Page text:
Madeleine Planeix-Crocker

It was very impressive to see this dialogue being built in such a fluid way in a space that you did not know. To close and perhaps to extend a little more this question of co-presence and the mutualization of practices, I wanted to ask you, Inès, what the role of the commons is in your work? 

 

Inès Arabic Flavor

I’m really porous in my way of working, by which I mean that I listen to everything around me: whether it’s feedback from people who don’t dance, or people who are not in my world who give me feedback or help me. Inevitably, this gives strength. For example, when I came to Art’core, I met mostly—if not 99%—contemporary and classical dancers. At first, I said to myself, ‘Well, am I going to manage to do something with them?’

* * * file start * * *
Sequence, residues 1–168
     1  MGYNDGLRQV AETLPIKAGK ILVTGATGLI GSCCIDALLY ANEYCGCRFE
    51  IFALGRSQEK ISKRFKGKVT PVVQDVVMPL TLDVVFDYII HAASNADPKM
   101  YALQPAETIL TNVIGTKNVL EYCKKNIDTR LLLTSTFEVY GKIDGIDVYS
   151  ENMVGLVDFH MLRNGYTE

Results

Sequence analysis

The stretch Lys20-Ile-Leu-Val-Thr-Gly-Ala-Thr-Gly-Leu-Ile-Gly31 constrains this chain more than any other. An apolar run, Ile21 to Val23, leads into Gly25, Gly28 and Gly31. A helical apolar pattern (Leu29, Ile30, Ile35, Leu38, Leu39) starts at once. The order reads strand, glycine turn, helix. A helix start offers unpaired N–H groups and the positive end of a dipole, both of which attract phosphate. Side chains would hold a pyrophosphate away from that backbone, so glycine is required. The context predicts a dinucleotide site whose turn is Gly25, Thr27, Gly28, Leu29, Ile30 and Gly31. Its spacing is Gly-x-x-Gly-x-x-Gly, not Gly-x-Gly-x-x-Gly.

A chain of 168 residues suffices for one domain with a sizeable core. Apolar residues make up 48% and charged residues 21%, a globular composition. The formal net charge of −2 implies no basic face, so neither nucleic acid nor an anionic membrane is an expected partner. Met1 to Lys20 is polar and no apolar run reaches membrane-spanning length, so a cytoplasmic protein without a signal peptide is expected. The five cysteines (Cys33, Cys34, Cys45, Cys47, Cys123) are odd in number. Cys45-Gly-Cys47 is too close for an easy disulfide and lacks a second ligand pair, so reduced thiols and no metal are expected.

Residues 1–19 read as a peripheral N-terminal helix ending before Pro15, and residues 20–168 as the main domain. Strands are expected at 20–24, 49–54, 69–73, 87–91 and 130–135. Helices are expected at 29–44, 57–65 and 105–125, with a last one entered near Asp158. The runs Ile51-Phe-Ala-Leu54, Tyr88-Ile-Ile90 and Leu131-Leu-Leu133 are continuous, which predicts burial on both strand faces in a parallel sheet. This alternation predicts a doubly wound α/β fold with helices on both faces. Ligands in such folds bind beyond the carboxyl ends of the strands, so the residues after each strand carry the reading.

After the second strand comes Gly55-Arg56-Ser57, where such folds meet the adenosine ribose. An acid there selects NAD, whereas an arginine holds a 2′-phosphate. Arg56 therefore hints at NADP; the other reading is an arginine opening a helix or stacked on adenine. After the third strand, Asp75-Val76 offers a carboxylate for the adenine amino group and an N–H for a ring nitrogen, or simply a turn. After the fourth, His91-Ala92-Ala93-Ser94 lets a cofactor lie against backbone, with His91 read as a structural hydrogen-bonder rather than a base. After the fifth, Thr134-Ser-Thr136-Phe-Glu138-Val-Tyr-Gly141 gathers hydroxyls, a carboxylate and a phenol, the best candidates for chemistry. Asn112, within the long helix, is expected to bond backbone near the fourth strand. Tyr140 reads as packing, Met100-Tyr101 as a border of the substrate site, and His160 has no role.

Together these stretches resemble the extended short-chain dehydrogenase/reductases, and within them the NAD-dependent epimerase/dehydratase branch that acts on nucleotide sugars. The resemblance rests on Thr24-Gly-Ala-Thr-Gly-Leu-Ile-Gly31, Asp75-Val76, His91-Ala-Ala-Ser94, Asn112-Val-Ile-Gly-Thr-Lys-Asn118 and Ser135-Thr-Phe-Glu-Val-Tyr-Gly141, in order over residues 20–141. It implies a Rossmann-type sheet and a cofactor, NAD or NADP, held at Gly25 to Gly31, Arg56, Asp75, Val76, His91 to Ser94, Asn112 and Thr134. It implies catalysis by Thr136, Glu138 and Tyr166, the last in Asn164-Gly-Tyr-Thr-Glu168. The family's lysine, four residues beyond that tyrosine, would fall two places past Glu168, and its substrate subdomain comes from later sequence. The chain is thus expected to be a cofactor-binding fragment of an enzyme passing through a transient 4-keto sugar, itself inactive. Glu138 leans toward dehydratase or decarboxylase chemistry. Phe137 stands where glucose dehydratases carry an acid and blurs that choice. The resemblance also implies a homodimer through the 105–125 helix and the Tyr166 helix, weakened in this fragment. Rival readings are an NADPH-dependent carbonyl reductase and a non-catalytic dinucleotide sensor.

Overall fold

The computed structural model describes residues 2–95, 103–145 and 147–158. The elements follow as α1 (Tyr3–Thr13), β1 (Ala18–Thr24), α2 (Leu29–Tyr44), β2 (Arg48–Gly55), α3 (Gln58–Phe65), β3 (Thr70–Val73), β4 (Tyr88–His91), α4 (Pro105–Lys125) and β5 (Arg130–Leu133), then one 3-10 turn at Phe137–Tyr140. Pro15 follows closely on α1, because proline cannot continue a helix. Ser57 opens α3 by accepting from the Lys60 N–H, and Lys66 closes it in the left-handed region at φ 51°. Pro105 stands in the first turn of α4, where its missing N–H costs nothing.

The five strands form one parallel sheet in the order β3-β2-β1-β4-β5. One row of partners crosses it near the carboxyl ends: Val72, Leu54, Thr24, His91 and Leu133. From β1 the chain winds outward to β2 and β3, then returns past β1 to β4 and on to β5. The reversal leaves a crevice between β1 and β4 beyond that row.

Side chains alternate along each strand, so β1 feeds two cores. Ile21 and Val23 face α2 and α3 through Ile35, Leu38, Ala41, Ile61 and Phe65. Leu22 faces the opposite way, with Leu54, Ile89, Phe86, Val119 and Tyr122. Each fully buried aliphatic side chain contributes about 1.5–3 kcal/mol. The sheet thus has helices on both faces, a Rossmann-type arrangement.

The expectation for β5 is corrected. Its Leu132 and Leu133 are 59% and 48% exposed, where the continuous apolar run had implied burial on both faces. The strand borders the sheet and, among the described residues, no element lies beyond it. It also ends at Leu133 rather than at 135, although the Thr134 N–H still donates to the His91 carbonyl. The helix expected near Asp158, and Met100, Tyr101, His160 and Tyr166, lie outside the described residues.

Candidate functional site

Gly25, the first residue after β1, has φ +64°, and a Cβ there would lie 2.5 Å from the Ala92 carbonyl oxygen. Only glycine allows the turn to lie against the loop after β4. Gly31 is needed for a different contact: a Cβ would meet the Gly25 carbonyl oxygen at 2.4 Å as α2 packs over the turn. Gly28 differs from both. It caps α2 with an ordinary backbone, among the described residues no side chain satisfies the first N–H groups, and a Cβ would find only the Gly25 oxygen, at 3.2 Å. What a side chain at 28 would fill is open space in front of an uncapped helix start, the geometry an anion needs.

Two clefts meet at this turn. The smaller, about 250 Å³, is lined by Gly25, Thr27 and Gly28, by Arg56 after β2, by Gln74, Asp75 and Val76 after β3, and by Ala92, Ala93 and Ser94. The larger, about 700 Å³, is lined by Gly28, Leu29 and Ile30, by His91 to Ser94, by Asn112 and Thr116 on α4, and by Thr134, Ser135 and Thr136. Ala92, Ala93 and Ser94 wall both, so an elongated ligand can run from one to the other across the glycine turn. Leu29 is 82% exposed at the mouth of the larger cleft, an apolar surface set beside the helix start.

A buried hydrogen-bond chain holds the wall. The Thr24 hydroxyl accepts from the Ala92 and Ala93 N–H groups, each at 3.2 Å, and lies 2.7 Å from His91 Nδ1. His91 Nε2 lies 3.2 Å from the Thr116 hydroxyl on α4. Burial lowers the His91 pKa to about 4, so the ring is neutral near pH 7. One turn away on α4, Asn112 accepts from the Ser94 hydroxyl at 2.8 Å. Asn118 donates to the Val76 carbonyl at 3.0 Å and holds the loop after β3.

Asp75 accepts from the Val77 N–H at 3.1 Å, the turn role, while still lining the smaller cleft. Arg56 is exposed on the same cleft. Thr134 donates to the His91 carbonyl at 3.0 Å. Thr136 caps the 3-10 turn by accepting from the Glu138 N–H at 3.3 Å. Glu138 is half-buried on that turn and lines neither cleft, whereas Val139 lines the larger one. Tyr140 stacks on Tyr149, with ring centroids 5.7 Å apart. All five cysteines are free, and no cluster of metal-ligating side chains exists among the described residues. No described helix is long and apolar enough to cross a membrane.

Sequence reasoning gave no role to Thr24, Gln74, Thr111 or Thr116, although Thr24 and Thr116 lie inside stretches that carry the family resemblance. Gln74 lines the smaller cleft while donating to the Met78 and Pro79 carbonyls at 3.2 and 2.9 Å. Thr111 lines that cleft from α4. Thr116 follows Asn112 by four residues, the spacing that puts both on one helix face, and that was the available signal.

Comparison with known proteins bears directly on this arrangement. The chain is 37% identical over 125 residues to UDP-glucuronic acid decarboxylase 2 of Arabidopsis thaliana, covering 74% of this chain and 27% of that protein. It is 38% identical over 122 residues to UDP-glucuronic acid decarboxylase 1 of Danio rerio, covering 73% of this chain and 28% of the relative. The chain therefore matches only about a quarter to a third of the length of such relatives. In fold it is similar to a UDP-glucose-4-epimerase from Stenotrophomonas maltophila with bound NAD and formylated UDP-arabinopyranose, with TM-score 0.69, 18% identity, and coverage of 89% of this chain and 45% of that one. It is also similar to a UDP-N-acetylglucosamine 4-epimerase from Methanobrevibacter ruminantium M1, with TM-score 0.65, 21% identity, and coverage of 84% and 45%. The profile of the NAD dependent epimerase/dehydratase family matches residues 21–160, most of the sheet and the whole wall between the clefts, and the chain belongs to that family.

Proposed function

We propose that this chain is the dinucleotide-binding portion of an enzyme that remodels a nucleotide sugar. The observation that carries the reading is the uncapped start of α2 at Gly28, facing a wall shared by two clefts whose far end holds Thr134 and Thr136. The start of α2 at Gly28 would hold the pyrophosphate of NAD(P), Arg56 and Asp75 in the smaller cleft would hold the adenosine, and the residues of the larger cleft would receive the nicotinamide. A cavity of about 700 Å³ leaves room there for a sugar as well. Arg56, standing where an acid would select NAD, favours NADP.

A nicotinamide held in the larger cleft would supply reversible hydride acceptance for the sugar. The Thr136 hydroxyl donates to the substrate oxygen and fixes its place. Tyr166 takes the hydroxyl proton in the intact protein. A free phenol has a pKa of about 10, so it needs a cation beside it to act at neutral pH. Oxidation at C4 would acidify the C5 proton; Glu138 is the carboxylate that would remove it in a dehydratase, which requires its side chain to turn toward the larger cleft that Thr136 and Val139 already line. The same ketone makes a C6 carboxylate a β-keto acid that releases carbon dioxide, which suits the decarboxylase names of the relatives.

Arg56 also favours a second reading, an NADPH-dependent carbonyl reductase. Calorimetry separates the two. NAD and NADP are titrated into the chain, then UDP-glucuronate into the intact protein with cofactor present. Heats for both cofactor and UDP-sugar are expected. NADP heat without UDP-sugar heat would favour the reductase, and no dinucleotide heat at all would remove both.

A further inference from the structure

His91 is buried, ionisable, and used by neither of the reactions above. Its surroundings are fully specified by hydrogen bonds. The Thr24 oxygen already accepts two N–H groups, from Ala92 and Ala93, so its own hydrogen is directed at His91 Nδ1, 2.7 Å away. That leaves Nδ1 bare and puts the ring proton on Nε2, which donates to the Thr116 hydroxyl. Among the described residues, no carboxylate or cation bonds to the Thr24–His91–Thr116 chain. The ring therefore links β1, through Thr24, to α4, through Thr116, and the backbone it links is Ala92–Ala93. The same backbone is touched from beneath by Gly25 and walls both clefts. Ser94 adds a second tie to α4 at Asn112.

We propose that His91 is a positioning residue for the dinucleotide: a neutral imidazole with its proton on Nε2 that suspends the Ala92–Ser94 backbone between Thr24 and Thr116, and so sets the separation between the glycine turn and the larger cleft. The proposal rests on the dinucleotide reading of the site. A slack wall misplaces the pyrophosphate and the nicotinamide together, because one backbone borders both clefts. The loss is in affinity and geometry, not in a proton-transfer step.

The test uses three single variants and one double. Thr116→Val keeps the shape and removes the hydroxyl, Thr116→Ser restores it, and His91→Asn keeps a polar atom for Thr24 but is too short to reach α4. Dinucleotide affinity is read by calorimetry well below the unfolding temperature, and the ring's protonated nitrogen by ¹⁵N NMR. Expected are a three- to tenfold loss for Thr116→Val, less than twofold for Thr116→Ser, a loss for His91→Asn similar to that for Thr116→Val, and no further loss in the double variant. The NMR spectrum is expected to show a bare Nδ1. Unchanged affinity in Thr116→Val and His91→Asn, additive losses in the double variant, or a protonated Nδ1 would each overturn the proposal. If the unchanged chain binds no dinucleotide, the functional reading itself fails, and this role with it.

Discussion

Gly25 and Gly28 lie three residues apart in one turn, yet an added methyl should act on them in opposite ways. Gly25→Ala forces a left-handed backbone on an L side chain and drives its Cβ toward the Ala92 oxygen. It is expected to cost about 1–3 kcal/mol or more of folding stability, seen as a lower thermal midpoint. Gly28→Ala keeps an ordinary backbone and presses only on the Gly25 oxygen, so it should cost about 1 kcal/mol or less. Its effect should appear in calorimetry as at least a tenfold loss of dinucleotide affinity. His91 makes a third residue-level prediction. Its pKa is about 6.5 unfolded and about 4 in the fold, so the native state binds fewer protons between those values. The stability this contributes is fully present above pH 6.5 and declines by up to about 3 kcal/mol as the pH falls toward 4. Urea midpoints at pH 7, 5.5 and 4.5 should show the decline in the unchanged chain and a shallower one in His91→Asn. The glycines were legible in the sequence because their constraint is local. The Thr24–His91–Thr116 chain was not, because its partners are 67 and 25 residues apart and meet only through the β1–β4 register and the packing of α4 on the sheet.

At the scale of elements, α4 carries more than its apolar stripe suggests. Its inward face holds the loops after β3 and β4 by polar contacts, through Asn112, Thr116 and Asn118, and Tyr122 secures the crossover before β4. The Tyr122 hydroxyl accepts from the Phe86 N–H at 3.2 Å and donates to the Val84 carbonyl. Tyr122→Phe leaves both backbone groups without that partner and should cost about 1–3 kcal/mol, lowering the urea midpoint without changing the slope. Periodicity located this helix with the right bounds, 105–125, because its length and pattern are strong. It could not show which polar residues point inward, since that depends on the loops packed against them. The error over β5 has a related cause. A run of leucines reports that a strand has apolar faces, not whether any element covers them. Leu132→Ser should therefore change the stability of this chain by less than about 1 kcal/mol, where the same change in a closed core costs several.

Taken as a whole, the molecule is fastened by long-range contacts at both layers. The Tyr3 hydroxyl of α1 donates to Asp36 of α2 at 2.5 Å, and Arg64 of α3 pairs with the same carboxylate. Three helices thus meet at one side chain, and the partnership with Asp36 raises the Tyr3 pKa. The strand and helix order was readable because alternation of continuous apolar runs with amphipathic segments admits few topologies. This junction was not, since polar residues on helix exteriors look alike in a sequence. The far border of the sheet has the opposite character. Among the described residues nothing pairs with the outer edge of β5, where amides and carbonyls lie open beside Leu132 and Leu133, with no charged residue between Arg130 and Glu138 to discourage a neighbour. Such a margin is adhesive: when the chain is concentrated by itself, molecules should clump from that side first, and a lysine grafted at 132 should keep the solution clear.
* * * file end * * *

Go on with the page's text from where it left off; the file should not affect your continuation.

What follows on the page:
In the end, it turns out that the people I met there—in this case a classical dancer and a contemporary dancer—gave me so much in terms of art, of dance, of the advice and support they were able to give me, that I think they are some of the people who have taught me the most—beyond my mentors who quite simply taught me how to walk, who have been there since I was 12 years old and who taught me to dance. These are not people I would necessarily expected to come together with if it hadn’t been for the dance we had in common because we didn’t belong to the same social circles. In the end, they are really part of my life and have really pushed me to a higher level.